In the Early 1980s My Gift Shop was Named
I designed over 100 different stuffed animal patterns and created the beautiful, high quality stuffed animals and sold them in my store, Flaming-Martin Gifts. I designed and painted all the signs. I used to tell people that I made smiles for a living. People would come into my shop from their busy, harried lives, and soon begin to smile as they touched the soft fur of the stuffed animals and remembered how their own favorite stuffed animal had comforted them in their childhoods. I remember people coming back to my shop to buy more stuffed animals for friends and loved ones and telling me how much everyone loved my creations.
Sometimes people would pick up an animal and ask me if it had a name. I would always reply, "Ah, there's magic in naming things and that power must lie with the animal's final owner. Haven't you had a stray dog or cat come and beg for food and the moment you gave it a real name it was no longer a stray. That animal was now yours. If I named these little creatures they would belong to me. I am just their creator, their true owner has to find them, love them, and name them." My customer would smile, sometimes I know they thought I was a little crazy, but most of the time, I think they understood a profound truth: There is magic in naming things.
Fantasy Creations was Born in 1984
In 1984 I published patterns for 13 of my stuffed animal designs and wanted the new business to have a name separate from my gift shop, so in 1984, Fantasy Creations was born. I worked on selling the patterns in a variety of ways including through Crafts magazines. But, in the end, I packed them away in large cases to await a time when I could market them more cost effectively and 20 years later I now have several stores named Fantasy Creations on eBay, on Etsy and on the internet and I am gradually gaining more and more happy customers every day. I sell my stuffed animal patterns to people all over the world.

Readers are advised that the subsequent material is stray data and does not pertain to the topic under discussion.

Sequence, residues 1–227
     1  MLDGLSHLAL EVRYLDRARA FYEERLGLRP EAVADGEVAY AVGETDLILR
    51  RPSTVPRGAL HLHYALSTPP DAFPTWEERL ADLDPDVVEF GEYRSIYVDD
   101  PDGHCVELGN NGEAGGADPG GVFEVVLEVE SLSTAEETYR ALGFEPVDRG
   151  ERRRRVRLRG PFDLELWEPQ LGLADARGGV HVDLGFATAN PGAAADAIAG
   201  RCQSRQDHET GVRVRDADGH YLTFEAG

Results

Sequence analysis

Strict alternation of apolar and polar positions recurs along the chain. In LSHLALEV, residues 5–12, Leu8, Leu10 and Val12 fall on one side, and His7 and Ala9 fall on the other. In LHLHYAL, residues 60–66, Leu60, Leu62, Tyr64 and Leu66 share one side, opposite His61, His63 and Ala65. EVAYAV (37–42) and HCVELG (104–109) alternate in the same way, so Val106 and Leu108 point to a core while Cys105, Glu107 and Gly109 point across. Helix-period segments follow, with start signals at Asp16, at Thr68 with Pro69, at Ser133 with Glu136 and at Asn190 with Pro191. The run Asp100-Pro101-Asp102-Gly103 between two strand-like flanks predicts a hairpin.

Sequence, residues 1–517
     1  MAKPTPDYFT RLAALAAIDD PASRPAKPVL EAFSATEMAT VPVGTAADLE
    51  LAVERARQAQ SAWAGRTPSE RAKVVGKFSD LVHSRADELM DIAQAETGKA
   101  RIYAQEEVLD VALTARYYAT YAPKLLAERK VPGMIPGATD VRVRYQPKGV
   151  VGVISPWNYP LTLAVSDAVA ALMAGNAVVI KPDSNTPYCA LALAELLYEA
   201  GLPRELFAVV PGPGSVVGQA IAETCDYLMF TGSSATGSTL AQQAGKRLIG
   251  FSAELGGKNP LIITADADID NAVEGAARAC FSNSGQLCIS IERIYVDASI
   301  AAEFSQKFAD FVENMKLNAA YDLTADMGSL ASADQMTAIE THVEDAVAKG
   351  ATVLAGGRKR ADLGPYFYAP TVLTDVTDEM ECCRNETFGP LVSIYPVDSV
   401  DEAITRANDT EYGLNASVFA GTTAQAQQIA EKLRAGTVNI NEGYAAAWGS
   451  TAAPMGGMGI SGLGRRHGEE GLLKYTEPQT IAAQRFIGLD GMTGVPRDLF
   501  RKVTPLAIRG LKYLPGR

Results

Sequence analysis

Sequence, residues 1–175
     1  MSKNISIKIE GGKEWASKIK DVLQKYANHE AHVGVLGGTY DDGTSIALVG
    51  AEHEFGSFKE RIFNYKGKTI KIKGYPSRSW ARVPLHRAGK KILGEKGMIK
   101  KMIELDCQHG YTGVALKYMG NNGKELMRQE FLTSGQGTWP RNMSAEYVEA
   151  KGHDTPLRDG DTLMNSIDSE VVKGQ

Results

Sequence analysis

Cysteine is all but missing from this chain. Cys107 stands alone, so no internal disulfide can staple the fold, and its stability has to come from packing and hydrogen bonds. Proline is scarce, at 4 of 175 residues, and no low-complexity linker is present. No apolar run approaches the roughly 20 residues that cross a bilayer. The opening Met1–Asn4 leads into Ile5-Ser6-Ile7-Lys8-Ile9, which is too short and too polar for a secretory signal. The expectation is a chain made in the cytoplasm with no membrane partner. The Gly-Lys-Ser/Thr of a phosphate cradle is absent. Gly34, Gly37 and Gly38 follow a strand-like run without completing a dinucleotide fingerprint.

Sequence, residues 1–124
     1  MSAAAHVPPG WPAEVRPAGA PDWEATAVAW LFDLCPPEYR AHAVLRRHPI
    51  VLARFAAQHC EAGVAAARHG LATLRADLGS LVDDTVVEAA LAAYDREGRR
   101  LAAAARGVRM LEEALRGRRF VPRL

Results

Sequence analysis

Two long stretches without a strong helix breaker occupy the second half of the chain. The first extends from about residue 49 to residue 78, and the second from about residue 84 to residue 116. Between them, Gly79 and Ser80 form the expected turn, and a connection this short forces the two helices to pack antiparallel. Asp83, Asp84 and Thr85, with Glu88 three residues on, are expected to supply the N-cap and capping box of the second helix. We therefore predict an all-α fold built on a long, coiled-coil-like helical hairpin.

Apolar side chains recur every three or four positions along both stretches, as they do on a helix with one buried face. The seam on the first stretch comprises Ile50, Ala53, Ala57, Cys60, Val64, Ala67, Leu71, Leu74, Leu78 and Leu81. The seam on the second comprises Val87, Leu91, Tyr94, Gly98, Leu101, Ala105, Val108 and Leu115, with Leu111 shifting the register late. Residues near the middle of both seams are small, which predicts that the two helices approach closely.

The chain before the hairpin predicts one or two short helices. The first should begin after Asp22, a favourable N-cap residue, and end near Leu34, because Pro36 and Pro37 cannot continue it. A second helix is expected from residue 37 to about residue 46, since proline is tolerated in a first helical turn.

A Look Inside the Gift Shop
Beginning with My Magnificent
Bald Eagle in Flight
My most amazing design was the Bald Eagle in Flight. It had a three and a half foot wingspread. It was a limited edition soft sculpture with a signed and numbered card attached to the tip of the wing. I only made a few of them. It took 10 hours of agonizing work to finish one. This was never designed to be a child's toy. This design required a wire framework inside the wings. It sold for $100 over 25 years ago (I don't think I would accept less than $400 if I made one today), and was destined to grace a man's study. This creature put my male customers at ease because of its fierce, masculine, symbolic power.
Now, back to the gift shop, so I can explain more about how it worked. My husband helped me in hundreds of ways, like taking the professional photographs for the brochure, and painting and remodeling the front of the gift shop. I kept the sewing machines, cutting table, and the cases of fake fur upstairs. We rigged a system to ring the doorbell when someone entered the front door and I would drop everything and run downstairs to take care of the customer. Most of the time I brought stuffing and animals that needed to be turned right side out, and stuffed, downstairs with me, so I could make good use of my time. It is not easy trying to make a living when you have to do everything from buying supplies, to designing, to sewing, to selling, as well as accounting.
In order to make over 100 stuffed animal designs, I had to find fake fur that looked like the animals I wanted to create. I was thrilled when I bought the material for the bobcat and went to work, right away, designing a realistic bobcat pattern. Most of the time I got the pattern right the first time but I did have to go through two prototypes before I was satisfied with the final fierce, regal, wild cat design.
Dragons and Unicorns were very popular sellers in my gift shop. The Large Dragon was at least five hours of work. The open mouth with Rick-Rack teeth had to be stitched in by hand. This was another limited edition soft sculpture that came with a signed and numbered card. I made dragons in a variety of colors, black and silver, red and black, green and black, orange and black, blue and black (with silver down the back), and my personal favorite: purple with black and silver.